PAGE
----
Bernstein had no previous experience in the food industry, so he consulted with scientists, weight loss experts, and psychologists. “At first, I self-funded the venture,” he says. In 2012 Bernstein hired Mattson, a prominent food research and development firm, to conduct an in-depth analysis and create the final product. Bernstein was encouraged by how the new “signaling lozenges” were received by consumers in a month-long, in-home use test. “Then I turned to the angel community and friends and we quickly raised about a half a million dollars,” he says.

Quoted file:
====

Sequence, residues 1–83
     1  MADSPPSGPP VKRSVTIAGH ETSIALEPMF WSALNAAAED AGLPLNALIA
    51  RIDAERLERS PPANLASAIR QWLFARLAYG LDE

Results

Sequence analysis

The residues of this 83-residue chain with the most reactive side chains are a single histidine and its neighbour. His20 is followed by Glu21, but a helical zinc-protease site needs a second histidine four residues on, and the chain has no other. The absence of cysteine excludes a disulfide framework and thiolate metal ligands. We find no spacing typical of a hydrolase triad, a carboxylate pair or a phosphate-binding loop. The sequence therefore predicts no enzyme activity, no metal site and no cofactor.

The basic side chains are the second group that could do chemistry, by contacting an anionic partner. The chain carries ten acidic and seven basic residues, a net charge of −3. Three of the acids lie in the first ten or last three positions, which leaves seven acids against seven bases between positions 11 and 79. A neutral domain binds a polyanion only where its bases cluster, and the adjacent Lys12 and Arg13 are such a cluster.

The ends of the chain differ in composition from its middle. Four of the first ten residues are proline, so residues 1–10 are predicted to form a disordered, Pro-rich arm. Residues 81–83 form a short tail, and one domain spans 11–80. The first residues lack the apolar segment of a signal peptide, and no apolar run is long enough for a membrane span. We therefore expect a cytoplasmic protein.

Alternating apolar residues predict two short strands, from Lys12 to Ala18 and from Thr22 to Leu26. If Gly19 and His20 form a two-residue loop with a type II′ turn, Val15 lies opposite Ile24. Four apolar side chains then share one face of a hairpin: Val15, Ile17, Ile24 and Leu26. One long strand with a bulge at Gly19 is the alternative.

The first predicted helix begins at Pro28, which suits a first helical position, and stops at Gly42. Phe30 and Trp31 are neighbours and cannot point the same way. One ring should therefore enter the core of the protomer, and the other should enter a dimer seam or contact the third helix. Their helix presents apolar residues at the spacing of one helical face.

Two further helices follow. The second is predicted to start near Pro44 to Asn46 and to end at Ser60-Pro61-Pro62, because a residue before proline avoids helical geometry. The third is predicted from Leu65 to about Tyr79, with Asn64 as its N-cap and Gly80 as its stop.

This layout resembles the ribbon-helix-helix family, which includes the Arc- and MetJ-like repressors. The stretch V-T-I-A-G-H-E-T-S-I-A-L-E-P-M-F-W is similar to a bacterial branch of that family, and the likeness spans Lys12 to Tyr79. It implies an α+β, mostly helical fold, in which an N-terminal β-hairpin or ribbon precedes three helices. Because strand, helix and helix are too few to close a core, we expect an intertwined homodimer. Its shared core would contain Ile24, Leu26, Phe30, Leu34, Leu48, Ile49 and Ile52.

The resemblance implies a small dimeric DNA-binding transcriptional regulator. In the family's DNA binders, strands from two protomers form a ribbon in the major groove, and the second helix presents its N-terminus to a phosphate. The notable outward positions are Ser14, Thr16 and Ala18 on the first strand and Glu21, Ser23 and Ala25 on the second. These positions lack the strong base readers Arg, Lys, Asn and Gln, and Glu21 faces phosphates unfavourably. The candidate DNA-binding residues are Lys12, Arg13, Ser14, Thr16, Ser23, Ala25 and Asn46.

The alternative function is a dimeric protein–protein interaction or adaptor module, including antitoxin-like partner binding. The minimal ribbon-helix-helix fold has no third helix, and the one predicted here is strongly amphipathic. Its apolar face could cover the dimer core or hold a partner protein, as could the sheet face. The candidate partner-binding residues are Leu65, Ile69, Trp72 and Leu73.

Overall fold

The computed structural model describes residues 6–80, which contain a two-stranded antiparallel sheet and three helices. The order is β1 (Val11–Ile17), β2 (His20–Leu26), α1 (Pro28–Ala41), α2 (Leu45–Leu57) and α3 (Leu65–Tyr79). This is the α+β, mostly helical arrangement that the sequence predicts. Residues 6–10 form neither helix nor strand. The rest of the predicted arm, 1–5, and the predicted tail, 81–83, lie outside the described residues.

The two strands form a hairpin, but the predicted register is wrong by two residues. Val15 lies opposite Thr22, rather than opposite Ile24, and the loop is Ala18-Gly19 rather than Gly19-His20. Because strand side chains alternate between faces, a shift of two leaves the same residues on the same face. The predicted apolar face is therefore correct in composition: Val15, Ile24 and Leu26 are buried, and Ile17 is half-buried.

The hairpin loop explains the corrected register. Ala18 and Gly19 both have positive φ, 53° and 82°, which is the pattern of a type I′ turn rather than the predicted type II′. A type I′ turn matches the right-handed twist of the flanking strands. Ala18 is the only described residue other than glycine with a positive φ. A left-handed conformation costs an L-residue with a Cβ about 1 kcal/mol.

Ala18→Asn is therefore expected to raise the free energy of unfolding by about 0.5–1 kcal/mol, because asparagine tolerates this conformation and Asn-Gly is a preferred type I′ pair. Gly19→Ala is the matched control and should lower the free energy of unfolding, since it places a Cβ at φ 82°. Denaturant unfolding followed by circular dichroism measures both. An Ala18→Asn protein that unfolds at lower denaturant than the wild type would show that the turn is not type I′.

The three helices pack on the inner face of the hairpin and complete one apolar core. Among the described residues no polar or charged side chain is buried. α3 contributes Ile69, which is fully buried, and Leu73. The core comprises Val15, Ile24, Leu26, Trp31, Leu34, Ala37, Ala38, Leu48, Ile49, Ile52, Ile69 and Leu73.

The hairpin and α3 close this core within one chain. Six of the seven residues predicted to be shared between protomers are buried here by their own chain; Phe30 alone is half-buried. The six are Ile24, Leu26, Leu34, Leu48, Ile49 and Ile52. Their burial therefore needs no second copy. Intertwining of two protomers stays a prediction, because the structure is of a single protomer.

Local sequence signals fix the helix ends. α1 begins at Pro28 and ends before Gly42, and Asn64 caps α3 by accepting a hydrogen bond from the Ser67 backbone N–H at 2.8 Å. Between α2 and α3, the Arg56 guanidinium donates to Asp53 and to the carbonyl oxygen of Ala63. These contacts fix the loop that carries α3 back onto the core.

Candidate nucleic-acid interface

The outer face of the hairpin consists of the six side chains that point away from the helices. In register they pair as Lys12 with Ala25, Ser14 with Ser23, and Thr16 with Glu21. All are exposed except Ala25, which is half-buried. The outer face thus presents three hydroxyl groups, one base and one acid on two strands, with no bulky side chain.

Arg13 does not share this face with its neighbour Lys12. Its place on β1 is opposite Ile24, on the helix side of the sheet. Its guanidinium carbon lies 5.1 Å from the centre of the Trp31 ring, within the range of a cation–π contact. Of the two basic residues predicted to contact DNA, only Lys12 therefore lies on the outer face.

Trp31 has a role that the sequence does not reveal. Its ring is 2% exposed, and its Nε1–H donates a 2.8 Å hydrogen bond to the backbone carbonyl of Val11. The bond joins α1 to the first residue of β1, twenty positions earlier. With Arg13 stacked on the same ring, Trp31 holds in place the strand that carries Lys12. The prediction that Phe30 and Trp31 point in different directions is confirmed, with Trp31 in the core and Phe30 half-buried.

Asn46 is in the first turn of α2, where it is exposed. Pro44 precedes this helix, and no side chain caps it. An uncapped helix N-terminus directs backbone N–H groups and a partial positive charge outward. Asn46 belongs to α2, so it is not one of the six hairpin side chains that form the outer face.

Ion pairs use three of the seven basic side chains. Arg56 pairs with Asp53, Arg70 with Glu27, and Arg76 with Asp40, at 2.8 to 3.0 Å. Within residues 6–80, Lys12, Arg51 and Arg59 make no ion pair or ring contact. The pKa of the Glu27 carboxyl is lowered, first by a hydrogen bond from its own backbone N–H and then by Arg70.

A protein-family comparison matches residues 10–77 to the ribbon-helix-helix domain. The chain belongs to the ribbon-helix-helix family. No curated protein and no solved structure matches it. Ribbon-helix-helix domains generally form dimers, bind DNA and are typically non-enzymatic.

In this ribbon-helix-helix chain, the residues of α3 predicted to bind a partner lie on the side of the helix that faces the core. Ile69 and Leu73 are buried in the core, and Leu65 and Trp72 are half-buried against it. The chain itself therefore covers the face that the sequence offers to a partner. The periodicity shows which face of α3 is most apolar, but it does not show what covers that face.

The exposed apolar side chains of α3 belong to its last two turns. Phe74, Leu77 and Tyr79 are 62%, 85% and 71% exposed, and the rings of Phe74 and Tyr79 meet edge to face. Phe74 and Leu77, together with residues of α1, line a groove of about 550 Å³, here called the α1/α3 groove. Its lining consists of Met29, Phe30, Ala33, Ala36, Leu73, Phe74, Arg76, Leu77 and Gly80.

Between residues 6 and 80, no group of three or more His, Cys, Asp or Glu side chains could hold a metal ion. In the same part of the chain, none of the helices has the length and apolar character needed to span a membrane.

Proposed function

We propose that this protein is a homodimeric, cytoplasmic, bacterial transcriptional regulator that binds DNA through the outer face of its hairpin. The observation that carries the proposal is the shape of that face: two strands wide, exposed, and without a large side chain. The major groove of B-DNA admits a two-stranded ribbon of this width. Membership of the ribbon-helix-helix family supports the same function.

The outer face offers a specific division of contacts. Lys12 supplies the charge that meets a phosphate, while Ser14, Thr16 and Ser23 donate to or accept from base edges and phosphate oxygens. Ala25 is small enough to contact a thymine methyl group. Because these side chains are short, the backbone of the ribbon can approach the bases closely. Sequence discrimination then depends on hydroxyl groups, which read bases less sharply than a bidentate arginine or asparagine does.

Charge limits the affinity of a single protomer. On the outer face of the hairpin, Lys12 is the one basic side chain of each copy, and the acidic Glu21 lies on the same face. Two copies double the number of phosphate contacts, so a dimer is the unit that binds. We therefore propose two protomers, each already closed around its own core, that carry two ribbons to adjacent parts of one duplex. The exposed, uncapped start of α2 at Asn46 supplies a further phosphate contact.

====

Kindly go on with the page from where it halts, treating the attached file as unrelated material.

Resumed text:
The 15-calorie lozenges come in four flavors: chocolate mint, cinnamon, citrus and mocha. They have a sweet outer coating or “reward layer” on the outside, and “active-taste layer” on the inside, which contains a proprietary blend of natural and artificial flavors that trigger a cooling, tingling sensation.

The idea is to pop in a lozenge when you feel about 80 percent full, and let it dissolve in your mouth for about 20 minutes—the amount of time it takes your brain to realize that your stomach is full. MealEnders claim that their Actissert blend engages the trigeminal nerve as you suck on the lozenge, keeping the mind occupied while the hormone that determines satiety kicks in.